Choosing a Reader for eBooks

I am hesitant to write this post, its so loaded with the issues surrounding ebooks.  At the same time I get asked this question at least once a week so the time has come to put fingers to keys and share my 2 cents.

The question – What ebook reader should I buy?  My answer – that depends.

First skip over the issue of dropping prices and improvements, issues with DRM and any other issues you have with ebooks and assume you want an ereader right now. These are the people who are asking me.  I’ve come to realize that choosing an ereader is a little like buying a vehicle, which one you get depends in part on how you want to use it. There is no one right answer for everyone.

Sony Reader, Nook, Kindle


My sister and a friend of mine both have a Nook.  The Nook is a great choice for them. They both love Barnes and Noble. They live in cities with B&N stores and visit often so they get to take advantage of the reading in store options. They could lend titles to friends, though neither of them has found a title they can actually loan. They could use them for library books, but despite my frequent urges (and emailing of links) neither of them has bothered to use it to check out books from their local public library *sigh*


My sister and I are getting my Dad an ereader for Christmas (I hope this is not the one time he decides to read this blog). He reads a lot and is an hour from the closest book store and often complains of having read most of what the local public library has. (Unfortunately this is probably true). The library doesn’t offer ebooks and most likely wont any time soon so that isn’t an issue in the decision. We want the process of adding books to be as easy as possible for him, no connecting to a computer, that ruled out a Sony. We decided against the Nook because we we think he might find the touch screen frustrating.  That leaves the Kindle. Nice buttons, easy to download content to and a decent selection of limited time promotional free titles that he can browse in addition to classics and fee titles.

Sony eReader

I know a lot of library patrons who are very happy with their Sony devices. I’ve seen them with all of them at this point.  The Sony devices handle pdf files far better than the Kindle or the Nook.  They work with library ebooks, if your primary use will be library books get a Sony device. The catalog of purchased titles works great and the Sony allow different formats of ebooks to be loaded, it has the most flexibility.


Not only does it have the iBook store but apps for Kindle and others. You can read PDFs. No library ebooks.  Color screen, great for picture books and comics.  Great if you don’t want a dedicated device.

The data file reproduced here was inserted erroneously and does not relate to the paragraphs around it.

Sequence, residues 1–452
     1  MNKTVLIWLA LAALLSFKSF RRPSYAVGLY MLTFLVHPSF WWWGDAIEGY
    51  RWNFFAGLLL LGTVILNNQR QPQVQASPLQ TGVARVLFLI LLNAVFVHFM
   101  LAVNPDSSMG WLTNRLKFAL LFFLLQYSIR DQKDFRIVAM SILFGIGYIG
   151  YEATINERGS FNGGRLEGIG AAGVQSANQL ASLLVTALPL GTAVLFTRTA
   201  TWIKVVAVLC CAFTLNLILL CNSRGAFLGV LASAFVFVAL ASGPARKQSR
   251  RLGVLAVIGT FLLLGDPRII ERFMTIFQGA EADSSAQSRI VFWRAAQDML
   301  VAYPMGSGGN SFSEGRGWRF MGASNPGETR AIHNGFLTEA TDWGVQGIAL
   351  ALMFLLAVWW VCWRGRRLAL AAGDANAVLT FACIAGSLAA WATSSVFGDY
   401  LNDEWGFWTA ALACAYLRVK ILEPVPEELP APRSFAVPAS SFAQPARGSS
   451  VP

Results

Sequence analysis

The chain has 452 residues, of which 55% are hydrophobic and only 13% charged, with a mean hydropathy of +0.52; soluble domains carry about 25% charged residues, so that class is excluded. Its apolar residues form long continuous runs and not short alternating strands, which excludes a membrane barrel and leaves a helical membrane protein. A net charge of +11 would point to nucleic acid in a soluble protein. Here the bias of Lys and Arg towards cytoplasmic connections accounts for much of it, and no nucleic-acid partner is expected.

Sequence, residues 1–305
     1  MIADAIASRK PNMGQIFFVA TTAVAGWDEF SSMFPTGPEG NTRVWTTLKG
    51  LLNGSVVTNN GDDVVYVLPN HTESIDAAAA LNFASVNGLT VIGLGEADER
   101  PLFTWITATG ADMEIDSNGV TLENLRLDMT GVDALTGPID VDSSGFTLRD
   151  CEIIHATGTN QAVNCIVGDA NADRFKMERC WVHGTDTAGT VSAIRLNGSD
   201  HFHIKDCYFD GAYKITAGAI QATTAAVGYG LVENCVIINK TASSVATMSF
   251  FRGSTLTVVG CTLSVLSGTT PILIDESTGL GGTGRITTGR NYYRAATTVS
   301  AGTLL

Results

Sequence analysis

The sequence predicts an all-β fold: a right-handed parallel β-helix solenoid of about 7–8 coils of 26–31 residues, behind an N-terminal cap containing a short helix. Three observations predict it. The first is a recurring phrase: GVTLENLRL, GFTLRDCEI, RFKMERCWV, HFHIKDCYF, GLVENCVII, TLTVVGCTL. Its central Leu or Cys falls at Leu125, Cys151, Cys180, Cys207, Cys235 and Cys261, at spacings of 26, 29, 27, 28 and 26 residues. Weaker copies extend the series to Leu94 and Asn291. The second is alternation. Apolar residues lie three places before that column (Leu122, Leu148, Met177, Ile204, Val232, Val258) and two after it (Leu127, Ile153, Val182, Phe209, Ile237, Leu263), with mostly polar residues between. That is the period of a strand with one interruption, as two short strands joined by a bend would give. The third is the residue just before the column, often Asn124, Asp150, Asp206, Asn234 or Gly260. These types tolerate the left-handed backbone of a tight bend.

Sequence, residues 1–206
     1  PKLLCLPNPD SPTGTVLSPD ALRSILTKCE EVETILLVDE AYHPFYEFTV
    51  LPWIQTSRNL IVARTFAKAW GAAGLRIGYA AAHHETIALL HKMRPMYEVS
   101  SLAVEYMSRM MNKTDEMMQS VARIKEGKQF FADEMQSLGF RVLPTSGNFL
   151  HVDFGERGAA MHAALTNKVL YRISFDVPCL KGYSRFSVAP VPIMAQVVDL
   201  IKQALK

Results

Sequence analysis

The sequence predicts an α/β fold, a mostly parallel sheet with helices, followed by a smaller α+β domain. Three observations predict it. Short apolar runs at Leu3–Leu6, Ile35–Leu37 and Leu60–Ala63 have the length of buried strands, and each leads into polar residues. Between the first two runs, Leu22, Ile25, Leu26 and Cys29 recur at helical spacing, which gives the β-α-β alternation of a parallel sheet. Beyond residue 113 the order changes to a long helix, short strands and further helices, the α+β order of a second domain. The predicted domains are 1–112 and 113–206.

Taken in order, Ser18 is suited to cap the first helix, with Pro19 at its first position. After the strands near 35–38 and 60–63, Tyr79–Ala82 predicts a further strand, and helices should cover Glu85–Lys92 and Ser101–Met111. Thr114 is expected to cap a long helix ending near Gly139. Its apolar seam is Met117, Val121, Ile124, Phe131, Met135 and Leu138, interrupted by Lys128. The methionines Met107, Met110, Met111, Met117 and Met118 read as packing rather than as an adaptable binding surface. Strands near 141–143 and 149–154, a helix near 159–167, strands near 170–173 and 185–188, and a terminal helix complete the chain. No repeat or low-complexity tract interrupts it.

There are plenty of charts out there comparing them. But in a nutshell this the best aspect of each:

  • Kindle – note-taking options, across device syncing, keypad, free promotional titles
  • Nook – free reading in B&N, loaning possibility, OverDrive ebooks
  • Sony – PDFs and OverDrive ebooks in addition to Sony’s catalog of ebooks
  • iPad – color, larger screen, more stores for purchasing.

Without knowing how you want to use the ereader I don’t know which to recommend. You need to figure out how YOU will use it.

Have an ereader? leave a comment and let me know why you love it (or hate it).

PS Why I Chose Kindle

52 thoughts on “Choosing a Reader for eBooks

  1. @librarianbyday This is great, thanks! Trying to figure out which one to buy my husband…I’m leaning towards the nook!


  2. I think you nailed it – it all depends on how you are going to use your reader and your points of access to electronic books. I purchased a Nook because I wanted to be able to download books from our public library in addition to buying books from B&N. I also love the free Friday promotions that B&N has been doing this summer. I wish the dictionary were a little easier to use and more comprehensive, but it still is pretty sweet to have that feature readily available when you are reading.


  3. Great post! There’s no one-size-fits-all eReader. Like Milena, I bought a Nook because I wanted a device I’d be able to use with my library system’s downloadable collection. It works like a charm for that.


      1. I love my iPad. I can’t afford to get all these different devices – ebook reader, smart phone, laptop, etc. It would be nice if I could choose when it’s backlit and when it isn’t, but all in all it’s perfect for me.

        Re library ebooks, I *can* read my library’s netlibrary books, although their interface isn’t really well suited for it.


  4. I have the Sony E-Reader Pocket Edition and I love it. It is very basic (no touch screen or wifi) and the small size is great. The Sony Reader Store works just like iTunes so that’s easy enough. My local public library just joined Overdrive last week and I already have two books checked out. I am looking forward to the day when DRM and standardization is no problem for e-readers but, in the meantime, I’m happy with what I’ve got… and I am ecstatic that my PL now has e-books!


  5. For me the main reason why I chose the Nook had to do with the fact that I could transfer all the ePub titles I had already purchased elsewhere. All 100+ titles were transferred without problems. And I am also able to download files from vendors, locations other than B&N.